How does your choice of birth control affect sexual desire?
(HealthDay)—Many women use birth control pills or other hormone-based contraceptives to enjoy sex without fear of an unplanned pregnancy. But could they kill your mojo?
There has been some concern that a woman's sex drive can drop after starting a new form of hormone-based birth control. Sex drive studies involving the pill, the patch and hormone-releasing intrauterine devices (IUDs) have been mixed, but new evidence could provide answers for some women.
For a study published in The Journal of Sexual Medicine, University of Kentucky researchers found that while women using hormone-based contraceptives actually had higher desire levels than women on other types of birth control, being in a long-term relationship was a greater factor than the form of birth control used.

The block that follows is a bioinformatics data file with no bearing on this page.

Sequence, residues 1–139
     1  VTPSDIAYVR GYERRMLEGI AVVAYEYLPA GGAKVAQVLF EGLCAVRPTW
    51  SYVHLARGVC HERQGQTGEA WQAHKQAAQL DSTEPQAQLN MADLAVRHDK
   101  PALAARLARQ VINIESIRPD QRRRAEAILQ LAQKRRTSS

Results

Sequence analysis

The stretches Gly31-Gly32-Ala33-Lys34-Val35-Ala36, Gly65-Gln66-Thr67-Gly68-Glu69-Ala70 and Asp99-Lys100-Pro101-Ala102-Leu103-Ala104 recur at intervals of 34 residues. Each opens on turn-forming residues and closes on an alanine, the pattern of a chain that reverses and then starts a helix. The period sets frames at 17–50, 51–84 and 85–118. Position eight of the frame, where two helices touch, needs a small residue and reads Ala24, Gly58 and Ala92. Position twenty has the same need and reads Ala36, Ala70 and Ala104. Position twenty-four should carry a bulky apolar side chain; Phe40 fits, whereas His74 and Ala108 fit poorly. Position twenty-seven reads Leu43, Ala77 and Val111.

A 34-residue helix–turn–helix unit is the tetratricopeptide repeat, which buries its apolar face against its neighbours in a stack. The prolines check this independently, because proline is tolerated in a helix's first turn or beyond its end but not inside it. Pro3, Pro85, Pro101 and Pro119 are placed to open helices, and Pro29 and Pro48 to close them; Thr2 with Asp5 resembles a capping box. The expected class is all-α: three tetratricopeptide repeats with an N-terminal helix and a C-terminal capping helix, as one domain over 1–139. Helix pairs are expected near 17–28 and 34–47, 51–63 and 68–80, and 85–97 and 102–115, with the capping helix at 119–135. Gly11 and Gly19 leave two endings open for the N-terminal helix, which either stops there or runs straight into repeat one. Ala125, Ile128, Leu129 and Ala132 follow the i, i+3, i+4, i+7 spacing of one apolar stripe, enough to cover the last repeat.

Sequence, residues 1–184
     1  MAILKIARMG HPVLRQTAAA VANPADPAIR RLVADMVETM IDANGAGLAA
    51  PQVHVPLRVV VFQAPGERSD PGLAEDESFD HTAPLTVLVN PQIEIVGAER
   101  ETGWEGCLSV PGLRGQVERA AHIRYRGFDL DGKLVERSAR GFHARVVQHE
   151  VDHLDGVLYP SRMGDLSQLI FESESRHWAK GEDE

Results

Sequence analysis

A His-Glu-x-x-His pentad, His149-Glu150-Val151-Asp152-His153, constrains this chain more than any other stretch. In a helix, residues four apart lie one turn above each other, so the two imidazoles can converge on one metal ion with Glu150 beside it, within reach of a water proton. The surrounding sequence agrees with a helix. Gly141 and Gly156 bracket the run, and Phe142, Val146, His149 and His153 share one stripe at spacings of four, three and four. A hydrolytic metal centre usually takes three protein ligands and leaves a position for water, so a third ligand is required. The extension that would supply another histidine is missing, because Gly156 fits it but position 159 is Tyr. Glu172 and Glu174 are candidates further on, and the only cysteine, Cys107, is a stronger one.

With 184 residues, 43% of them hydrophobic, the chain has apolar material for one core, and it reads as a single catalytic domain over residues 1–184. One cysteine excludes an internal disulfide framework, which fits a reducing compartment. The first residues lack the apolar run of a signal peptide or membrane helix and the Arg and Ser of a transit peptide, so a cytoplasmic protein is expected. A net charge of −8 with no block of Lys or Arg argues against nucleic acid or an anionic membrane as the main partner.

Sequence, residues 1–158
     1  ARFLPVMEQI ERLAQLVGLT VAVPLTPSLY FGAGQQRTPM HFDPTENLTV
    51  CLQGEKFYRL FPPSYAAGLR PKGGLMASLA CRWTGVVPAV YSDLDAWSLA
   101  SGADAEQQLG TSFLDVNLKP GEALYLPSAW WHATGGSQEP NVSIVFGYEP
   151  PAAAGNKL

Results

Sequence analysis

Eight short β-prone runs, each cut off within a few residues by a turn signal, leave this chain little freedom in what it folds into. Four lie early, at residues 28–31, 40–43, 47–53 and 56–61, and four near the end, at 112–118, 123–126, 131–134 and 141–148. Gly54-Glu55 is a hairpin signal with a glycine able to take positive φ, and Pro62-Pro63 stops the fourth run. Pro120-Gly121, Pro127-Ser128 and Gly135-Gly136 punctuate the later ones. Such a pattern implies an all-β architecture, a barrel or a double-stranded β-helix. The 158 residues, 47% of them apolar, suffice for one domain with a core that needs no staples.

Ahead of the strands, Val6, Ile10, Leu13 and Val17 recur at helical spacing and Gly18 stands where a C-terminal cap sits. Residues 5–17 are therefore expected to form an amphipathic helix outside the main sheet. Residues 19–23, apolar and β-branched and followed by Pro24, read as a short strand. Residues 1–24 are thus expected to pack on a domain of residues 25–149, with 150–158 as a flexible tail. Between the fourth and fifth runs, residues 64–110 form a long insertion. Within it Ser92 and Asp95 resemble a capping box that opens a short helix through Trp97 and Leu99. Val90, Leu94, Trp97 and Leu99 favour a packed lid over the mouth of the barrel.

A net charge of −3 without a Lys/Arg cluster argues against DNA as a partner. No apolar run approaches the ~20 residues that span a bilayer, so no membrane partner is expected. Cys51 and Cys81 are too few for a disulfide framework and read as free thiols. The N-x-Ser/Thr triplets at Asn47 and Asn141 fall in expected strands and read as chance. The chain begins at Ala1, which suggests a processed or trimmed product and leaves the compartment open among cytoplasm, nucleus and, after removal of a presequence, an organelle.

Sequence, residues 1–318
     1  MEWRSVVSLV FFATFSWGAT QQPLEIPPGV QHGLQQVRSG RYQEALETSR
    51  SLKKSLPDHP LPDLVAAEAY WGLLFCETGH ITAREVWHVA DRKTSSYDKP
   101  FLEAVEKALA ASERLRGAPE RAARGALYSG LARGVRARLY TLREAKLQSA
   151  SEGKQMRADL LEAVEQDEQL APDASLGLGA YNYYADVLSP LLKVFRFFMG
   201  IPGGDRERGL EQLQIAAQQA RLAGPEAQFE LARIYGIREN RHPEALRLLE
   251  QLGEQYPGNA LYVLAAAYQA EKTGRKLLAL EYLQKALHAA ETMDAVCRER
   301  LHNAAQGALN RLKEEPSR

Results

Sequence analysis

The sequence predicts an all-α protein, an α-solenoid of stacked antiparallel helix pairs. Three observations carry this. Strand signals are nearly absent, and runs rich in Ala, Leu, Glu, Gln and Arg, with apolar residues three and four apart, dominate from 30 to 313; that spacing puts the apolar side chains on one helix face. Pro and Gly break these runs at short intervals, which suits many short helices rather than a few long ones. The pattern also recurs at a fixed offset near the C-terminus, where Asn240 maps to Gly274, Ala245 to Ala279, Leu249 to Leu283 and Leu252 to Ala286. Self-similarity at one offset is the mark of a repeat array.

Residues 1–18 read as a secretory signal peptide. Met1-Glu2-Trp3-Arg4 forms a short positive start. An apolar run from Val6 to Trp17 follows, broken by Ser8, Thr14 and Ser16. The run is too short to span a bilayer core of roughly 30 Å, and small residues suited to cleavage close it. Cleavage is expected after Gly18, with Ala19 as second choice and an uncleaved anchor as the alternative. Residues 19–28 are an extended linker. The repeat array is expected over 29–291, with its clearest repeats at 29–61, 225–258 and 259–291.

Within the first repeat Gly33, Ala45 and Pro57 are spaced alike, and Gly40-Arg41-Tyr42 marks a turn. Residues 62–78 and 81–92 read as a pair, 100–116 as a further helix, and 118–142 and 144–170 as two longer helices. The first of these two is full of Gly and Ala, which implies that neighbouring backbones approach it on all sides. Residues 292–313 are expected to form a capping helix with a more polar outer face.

A separate study, done at Washington University School of Medicine and published in Obstetrics & Gynecology, asked 2,000 women about their interest in sex when starting a contraceptive and again six months later. Nearly one in four women using a vaginal ring, contraceptive implant or Depo-Provera injections reported a lower sex drive at the end of the study compared to those who used a copper IUD. Women who used birth control pills, the patch or a hormone-releasing IUD had no change in sex drive.
Adding to the confusion, a Swedish study involving thousands of women in their 20s found that those using any type of hormone-based contraceptive were more likely to have a drop in their sex drive.
What's the answer? It's possible that, for some women, the re-balancing of hormones that occurs when starting or switching to a new contraceptive may cause changes in sexual desire. But remember, your connection to your partner also plays a big role in the bedroom. If reduced sex drive continues after changing contraceptives, talk to your doctor about different options.
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